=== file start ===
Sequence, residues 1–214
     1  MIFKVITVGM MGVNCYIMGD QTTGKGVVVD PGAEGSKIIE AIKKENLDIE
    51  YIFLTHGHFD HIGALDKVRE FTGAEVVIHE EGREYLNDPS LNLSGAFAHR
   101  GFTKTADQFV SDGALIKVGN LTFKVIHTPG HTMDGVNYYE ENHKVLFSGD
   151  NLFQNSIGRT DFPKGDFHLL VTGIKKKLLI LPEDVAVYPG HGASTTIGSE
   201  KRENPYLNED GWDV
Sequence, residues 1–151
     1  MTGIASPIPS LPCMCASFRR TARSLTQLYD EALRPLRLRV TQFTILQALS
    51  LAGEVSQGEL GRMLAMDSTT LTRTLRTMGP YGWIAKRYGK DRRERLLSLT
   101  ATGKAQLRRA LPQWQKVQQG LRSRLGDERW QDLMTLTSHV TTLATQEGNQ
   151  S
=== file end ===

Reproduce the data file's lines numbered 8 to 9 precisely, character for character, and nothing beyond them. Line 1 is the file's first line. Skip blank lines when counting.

     1  MTGIASPIPS LPCMCASFRR TARSLTQLYD EALRPLRLRV TQFTILQALS
    51  LAGEVSQGEL GRMLAMDSTT LTRTLRTMGP YGWIAKRYGK DRRERLLSLT